When Not to Use Email Marketing
When Not to Use Email Marketing
There are some situations – more than you would think – when email marketing just doesn’t work. In these instances, creating smarter content, tightening your list selection and improving your message delivery may result in some benefit, but in the end you will still be disappointed with the results. Carrying on with your efforts would be like throwing good money and time after bad – a total waste of effort.
Some may like to discover these moments for themselves. There’s nothing like the rush of excitement about finding something new in your marketing, even though this new find may resemble a black hole of wasted effort. However, others might be interested in a few pointers on what not to point their email marketing engine at. For you, here are my thoughts.
Starting a conversation.
Not only is it illegal to email market to people who don’t already know you, it’s also a plain waste of effort. Yes, you may be able to convince yourself that because they are customers you can ‘claim’ a business relationship, so what you send is legally fine, but it’s still a bad start. Membership organisations can get away with it – their members are usually very keen to find our more. However, businesses need to look for an opt-in first; any subsequent email marketing is then expected, wanted and usually acted upon.
When you want to make an impact.
While a direct mail pack will hang around a prospect’s desk, an email equivalent will disappear in their Inbox as more messages pile on top. Email is so much easier to ignore, file and, unfortunately, delete than its hard paper alternative. Think of the attention email receives as a burning match compared with a lit candle for paper. So, if you want to send an annual update to your top customers to re-cement their relationship with you, then think printed, bound and expensive rather than email, short and cheap.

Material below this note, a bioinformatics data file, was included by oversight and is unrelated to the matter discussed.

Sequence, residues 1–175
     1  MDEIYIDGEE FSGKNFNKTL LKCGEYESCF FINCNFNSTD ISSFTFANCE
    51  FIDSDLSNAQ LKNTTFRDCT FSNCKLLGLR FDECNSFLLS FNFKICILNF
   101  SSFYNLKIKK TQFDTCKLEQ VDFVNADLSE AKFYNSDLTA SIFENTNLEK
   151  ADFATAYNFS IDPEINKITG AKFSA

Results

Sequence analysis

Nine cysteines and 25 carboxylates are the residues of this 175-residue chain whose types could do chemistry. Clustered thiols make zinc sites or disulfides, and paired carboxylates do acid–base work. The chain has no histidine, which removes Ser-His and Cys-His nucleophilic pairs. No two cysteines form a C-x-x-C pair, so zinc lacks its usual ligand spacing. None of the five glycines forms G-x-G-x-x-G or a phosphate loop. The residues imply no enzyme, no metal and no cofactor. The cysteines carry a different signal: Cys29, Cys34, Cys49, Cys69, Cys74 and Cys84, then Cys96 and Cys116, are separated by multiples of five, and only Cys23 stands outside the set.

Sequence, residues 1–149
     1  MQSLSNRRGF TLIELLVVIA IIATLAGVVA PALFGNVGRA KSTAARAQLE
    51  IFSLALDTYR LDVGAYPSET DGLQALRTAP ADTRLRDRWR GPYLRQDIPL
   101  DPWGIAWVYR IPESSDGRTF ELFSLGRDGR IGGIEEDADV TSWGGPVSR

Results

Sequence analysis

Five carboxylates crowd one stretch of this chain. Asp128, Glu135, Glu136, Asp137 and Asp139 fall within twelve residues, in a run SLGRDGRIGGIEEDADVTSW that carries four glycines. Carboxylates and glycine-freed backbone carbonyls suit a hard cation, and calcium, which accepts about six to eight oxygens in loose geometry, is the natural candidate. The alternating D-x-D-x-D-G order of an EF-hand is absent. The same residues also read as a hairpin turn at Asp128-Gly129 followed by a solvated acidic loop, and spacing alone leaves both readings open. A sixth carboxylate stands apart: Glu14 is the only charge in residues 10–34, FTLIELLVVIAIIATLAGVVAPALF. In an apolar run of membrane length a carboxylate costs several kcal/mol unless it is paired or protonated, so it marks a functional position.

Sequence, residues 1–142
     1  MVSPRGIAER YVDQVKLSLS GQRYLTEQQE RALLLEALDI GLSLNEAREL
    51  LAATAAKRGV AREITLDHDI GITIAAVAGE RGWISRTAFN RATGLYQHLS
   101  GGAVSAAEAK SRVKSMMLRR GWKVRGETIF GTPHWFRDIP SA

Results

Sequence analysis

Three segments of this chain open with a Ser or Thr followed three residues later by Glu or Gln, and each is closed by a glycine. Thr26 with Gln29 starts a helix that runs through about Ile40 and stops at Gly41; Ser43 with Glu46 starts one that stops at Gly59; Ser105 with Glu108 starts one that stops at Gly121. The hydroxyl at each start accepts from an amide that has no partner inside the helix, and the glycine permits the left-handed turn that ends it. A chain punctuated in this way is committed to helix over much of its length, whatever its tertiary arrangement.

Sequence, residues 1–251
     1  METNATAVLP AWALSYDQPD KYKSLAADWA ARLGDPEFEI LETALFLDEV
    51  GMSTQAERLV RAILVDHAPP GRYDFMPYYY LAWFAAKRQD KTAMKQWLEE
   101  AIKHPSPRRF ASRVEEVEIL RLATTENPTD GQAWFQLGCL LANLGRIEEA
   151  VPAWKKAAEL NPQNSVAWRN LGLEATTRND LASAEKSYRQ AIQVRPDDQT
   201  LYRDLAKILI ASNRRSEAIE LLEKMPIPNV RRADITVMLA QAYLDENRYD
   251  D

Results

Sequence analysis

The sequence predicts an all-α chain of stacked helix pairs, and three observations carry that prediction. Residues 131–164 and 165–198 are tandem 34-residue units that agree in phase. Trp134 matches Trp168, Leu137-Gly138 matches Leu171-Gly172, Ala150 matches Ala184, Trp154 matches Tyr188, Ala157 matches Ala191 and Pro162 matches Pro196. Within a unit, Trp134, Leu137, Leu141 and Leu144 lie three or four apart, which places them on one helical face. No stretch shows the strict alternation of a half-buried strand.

When your message needs time to consider.
This follows on from the last point. There’s only so much you can cover in the minute of attention your email message captures. Video will give you 3-5 minutes (that is if the first 30 seconds are good enough to keep them watching more). Direct mail may get you above 5 minutes. Pick and choose between all the available media options to find one that best suits your message.
When you want people to part with their time or money.
I’m probably going to get into trouble with this one, so first let me clarify what I’m stating. Using email – on its own – to convince people to part with their time or money is very, very hard. For instance, if you send out a message promoting a course and requesting all those who want to attend to reply with their details you will struggle to make it pay. Now, if the message introduced the need and motivated those who want to meet this need to click onto a web page to read the full argument of why the course is the best solution for them, then your chances of success will improve.
When the message has to get through.
Email is not a 100% reliable communication channel. So, if some legal requirement means that you have to confirm that everyone got your message, then you’d best cover your bases by using additional options such as direct mail and even telemarketing. Spam filters, corporate firewalls and the internet just ‘loosing stuff’ all sit between you, your email dispatch tool and your subscriber. There’s no way anyone can guarantee that all the emails you send will arrive.
These five scenarios cover the most common misuses of email. If you can, try to avoid using email in cases that are similar to these and you will save yourself valuable time and money. It really all boils down to the snippets of attention email provides and the permission you need before sending it. Ensure you consider these before designing your next campaign and you will be a few steps closer to having a success on your hands.